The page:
City council disagreed with administration’s recommendation to scrap road plans

Alice Kolisnyk, deputy director of the Red Deer Food Bank, says the agency expects an increase in demand as the COVID-19 pandemic continues. Every new subscription to the Red Deer Advocate includes a $50 donation to the food bank. (Photo by BYRON HACKETT/Advocate Staff)
Support the food bank with a subscription to the Red Deer Advocate

The community’s most vulnerable members are always in need of a hand,… Continue reading

Sergio Santos, right, of the Philadelphia Union, loses the race to the ball against goalie Quentin Westberg of Toronto FC during the first half of an MLS match Saturday, Oct. 24, 2020, in Chester, Pa. THE CANADIAN PRESS/AP-Charles Fox/The Philadelphia Inquirer via AP
Frustrated coach Greg Vanney defends banged-up Toronto FC after second straight loss

Frustrated coach Greg Vanney defends banged-up Toronto FC after second straight loss

Los Angeles Dodgers manager Dave Robert and third baseman Justin Turner pose for a group picture after defeating the Tampa Bay Rays 3-1 to win the baseball World Series in Game 6 Tuesday, Oct. 27, 2020, in Arlington, Texas. Sporting venues and games certainly have super-spreader potential but that risk can be minimized with buy-in from all involved, experts said Wednesday. The subject moved into the spotlight Wednesday after L.A. Dodgers third baseman Justin Turner tested positive for COVID-19 at the World Series. THE CANADIAN PRESS/AP, Eric Gay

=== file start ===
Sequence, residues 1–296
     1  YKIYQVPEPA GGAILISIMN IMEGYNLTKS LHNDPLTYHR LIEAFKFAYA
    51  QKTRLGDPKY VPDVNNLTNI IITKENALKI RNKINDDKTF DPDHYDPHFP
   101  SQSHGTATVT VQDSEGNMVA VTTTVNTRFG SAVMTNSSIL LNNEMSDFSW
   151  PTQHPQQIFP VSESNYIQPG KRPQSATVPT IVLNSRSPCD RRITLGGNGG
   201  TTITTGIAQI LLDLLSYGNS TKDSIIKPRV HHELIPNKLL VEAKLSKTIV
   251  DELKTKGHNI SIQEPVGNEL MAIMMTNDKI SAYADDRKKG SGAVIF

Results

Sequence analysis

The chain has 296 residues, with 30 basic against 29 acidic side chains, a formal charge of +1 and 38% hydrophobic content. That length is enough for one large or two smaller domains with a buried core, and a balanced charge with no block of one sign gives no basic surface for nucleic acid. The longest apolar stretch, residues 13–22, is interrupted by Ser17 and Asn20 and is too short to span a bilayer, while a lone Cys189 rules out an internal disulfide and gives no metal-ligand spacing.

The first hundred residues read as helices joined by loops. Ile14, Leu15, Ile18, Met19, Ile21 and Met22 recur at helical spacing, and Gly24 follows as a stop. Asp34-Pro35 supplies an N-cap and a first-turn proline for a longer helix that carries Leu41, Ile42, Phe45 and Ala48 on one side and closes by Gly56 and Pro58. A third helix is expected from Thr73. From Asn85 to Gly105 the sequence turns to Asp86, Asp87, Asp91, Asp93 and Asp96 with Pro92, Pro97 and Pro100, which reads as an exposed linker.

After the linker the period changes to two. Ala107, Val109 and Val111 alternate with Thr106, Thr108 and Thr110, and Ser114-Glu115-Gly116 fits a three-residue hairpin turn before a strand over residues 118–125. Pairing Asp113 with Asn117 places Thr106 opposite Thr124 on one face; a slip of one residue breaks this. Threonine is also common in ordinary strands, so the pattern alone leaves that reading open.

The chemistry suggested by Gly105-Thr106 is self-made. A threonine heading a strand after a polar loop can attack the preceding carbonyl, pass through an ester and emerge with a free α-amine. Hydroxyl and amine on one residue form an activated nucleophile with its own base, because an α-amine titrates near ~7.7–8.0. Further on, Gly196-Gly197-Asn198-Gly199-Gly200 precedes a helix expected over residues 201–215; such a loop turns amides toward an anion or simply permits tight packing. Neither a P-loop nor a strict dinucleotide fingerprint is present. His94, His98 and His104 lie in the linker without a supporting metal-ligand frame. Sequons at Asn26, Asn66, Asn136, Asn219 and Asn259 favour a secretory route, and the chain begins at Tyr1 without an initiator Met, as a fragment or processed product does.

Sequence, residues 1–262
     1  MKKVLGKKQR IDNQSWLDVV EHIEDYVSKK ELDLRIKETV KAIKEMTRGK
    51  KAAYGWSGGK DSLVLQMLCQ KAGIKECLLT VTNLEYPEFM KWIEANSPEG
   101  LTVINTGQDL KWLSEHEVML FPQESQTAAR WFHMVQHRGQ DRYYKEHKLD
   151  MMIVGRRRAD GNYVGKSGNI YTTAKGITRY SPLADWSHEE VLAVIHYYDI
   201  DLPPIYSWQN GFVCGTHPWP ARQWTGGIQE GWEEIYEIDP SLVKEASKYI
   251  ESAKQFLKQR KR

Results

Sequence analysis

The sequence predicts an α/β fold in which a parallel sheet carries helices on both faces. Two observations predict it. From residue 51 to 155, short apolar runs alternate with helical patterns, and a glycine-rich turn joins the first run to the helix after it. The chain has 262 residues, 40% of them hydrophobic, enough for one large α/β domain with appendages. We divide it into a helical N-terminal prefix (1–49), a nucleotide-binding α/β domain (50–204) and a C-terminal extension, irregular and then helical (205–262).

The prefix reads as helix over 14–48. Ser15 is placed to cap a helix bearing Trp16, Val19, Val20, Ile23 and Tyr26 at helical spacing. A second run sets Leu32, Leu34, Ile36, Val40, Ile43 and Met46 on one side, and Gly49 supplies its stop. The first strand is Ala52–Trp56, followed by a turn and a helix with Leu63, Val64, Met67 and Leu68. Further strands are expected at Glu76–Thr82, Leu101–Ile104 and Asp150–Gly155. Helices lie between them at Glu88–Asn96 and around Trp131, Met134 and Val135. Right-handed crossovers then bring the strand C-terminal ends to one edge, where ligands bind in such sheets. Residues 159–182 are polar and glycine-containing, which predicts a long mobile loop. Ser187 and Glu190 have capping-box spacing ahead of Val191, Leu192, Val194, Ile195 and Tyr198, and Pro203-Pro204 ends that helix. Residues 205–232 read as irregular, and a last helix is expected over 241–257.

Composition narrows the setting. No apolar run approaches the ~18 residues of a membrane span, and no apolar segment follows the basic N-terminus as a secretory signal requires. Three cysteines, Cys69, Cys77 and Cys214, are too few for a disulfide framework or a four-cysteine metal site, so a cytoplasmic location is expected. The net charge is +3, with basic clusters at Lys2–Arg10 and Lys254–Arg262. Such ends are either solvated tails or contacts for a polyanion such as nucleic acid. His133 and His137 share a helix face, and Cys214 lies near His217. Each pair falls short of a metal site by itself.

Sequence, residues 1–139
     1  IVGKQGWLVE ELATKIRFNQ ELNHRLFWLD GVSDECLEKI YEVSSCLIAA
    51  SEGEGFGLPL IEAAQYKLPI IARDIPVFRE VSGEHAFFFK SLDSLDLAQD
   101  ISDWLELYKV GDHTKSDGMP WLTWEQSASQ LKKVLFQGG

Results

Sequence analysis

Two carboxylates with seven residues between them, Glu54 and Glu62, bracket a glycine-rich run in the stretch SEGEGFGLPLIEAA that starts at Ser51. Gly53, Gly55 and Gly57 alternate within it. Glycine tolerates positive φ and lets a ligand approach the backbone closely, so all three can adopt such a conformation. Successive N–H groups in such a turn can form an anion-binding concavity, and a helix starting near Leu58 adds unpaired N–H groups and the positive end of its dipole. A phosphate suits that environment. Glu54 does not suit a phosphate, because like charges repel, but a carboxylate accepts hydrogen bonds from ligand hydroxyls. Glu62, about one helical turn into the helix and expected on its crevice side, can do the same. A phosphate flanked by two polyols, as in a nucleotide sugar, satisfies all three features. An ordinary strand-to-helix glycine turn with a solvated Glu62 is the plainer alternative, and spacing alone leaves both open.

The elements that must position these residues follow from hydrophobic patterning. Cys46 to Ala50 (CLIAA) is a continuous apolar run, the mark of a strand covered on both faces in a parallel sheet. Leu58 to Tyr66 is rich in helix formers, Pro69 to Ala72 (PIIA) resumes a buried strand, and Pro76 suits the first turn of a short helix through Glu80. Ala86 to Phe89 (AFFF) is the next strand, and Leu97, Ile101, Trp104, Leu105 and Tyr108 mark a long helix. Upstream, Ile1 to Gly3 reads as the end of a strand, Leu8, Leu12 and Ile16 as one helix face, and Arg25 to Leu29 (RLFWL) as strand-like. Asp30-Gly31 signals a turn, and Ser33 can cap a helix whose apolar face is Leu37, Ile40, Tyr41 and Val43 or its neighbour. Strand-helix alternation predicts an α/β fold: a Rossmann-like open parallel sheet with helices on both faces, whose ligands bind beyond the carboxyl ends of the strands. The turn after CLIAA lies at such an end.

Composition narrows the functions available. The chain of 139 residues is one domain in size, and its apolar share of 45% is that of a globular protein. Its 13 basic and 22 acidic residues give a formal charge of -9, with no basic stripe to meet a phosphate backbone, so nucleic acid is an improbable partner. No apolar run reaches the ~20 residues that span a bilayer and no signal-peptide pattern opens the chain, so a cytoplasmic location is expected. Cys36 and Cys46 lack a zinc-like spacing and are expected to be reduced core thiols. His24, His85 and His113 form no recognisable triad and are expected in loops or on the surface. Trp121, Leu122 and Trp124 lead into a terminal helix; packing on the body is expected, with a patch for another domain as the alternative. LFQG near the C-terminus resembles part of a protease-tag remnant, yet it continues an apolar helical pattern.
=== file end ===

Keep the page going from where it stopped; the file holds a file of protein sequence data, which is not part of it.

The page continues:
Sports’ buy-in needed to prevent super-spreader potential: experts

Sports’ buy-in needed to prevent super-spreader potential: experts

In this image released by Fox, from left, Doug E. Doug, Malik Yoba, Rawle D. Lewis, John Candy and Leon are shown in a scene from the film "Cool Runnings." THE CANADIAN PRESS/AP-HO, Fox
Not cool: Jamaican bobsledder wants thief to return stolen shell to Calgary bar

An original member of the Jamaican bobsled team featured in the 1993… Continue reading